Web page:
Purpose – Many studies have shown that real estate returns are not normally distributed. Instead, the returns were found to be leptokurtic and slightly skewed with fat tails on both ends of the distribution. This specific shape of real estate distributions complicates tasks such as measuring property risk, forecasting real estate markets, and optimizing real estate portfolios. Some of the reasons for the non-normality have been documented, but they cannot fully explain the distribution curve. In this paper we focus on time-related aspects such as the maturities of lease contracts and vacancy periods and their effect on real estate returns. The aim of our research is twofold: (1) providing some new reasons for non-normal distributions of real estate returns and (2) giving some guidance for modelling real estate risk.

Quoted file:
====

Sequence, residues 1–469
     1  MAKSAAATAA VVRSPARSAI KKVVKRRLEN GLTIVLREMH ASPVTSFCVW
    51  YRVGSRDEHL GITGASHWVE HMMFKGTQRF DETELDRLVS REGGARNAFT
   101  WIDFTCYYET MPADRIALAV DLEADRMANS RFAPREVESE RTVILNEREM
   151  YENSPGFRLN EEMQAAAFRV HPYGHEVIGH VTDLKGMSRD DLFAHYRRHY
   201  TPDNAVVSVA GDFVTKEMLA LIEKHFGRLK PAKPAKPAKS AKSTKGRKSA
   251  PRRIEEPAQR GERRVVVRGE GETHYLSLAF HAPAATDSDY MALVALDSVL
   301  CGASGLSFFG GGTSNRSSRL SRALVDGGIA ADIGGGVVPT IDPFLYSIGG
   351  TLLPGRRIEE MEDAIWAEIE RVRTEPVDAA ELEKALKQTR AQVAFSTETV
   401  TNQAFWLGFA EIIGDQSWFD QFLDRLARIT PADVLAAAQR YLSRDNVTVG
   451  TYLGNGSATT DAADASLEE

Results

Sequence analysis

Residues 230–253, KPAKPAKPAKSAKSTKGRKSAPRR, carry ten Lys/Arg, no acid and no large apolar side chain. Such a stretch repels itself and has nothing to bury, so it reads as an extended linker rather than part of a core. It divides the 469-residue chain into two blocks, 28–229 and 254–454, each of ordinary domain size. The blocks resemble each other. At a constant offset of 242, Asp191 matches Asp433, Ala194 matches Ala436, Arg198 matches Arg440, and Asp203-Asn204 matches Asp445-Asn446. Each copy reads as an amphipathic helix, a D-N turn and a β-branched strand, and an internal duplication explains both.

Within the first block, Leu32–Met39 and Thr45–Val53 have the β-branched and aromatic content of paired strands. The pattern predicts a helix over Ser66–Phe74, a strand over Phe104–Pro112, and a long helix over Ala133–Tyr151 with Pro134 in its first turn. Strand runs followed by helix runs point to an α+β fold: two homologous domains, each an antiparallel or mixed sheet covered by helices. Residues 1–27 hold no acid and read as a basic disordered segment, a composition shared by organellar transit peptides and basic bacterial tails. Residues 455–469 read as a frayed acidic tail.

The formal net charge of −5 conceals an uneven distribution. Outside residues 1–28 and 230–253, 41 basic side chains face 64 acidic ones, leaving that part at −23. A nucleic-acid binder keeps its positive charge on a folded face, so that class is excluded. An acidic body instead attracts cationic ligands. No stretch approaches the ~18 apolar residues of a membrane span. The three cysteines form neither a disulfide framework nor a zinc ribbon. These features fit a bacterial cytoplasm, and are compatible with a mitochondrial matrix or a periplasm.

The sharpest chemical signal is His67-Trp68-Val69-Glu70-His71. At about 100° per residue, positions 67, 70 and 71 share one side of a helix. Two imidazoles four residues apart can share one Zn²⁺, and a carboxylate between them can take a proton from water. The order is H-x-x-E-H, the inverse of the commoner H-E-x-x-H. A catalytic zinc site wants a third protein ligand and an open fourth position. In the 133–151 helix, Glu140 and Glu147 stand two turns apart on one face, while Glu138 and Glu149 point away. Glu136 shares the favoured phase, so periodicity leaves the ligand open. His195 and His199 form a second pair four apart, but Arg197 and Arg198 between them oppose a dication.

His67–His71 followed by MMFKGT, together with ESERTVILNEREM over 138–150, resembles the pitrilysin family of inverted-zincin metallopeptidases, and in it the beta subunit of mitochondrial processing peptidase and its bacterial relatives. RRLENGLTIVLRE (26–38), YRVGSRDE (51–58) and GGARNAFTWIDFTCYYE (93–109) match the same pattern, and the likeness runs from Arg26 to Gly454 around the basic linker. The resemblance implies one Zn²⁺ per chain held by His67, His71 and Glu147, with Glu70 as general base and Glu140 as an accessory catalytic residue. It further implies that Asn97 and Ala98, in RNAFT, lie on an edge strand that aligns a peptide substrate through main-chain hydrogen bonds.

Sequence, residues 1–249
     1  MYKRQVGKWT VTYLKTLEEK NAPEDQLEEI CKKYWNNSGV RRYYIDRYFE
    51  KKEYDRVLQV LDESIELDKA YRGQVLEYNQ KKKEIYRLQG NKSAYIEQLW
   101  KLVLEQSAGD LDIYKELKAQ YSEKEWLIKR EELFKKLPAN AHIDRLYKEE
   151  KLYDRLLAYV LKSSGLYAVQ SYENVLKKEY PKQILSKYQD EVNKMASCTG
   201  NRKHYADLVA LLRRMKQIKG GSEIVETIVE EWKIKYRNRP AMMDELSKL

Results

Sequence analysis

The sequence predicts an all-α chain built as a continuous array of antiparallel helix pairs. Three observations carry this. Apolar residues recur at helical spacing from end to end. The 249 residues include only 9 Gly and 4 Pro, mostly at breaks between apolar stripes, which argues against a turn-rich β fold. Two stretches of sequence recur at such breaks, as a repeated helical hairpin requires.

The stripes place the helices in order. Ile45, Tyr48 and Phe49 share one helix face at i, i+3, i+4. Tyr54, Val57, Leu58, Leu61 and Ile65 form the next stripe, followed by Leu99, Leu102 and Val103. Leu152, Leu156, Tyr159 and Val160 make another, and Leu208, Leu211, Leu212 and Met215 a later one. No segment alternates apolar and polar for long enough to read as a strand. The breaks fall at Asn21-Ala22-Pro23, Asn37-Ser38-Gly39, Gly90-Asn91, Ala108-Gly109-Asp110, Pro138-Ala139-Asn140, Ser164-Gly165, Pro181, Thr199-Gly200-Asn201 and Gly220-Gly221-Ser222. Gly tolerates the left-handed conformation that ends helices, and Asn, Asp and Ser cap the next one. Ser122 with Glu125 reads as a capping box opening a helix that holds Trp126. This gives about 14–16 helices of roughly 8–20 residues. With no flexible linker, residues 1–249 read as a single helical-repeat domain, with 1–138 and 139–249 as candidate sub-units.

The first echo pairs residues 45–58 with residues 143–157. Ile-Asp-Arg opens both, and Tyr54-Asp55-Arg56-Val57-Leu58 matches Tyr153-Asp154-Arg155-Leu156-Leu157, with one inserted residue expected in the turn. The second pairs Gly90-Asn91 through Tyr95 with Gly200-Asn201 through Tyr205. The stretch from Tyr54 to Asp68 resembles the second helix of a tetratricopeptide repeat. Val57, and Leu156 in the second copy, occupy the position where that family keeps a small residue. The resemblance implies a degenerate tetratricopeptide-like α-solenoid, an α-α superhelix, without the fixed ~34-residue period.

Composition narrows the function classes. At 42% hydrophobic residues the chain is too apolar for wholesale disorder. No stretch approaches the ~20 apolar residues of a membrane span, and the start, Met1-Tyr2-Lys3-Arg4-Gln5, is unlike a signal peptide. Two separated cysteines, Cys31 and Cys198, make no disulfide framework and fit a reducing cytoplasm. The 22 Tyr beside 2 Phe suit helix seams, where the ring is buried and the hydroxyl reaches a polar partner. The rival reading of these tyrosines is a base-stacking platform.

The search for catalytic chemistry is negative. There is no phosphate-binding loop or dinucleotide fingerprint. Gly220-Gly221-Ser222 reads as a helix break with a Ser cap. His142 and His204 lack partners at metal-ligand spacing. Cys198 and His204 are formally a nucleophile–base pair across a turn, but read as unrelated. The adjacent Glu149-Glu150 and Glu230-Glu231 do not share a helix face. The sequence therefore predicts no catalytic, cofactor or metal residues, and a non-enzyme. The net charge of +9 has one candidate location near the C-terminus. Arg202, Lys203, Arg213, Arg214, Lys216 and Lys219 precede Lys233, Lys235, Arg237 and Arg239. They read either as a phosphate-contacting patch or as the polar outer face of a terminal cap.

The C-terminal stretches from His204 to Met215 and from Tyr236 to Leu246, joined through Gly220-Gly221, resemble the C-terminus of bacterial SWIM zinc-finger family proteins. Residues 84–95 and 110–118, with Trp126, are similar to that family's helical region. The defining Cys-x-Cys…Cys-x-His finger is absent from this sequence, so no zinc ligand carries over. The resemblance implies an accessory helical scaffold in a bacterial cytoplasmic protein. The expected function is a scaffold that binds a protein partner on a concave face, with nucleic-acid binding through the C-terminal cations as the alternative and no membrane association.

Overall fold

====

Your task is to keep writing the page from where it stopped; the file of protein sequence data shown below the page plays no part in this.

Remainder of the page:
Design / methodology / approach – A unique data set of lease contracts from a German residential real estate portfolio is employed. Distributions of contract maturities and vacancy periods are analysed with distribution fitting routines.

Findings – Contract maturities and vacancy periods are not normally distributed. These results shed some light on the return distributions in favour of compound distributions. Additionally a subset of lévy processes is provided for modelling real estate risk.

Research limitations / implications – Only residential real estate in Germany is examined. Other sectors and countries are interesting topics for future research.

Originality – This paper may provide evidence in favour of compound distributions for direct real estate investments. Furthermore, some guidance is provided for modelling real estate risk. This is valuable for both research and management practice.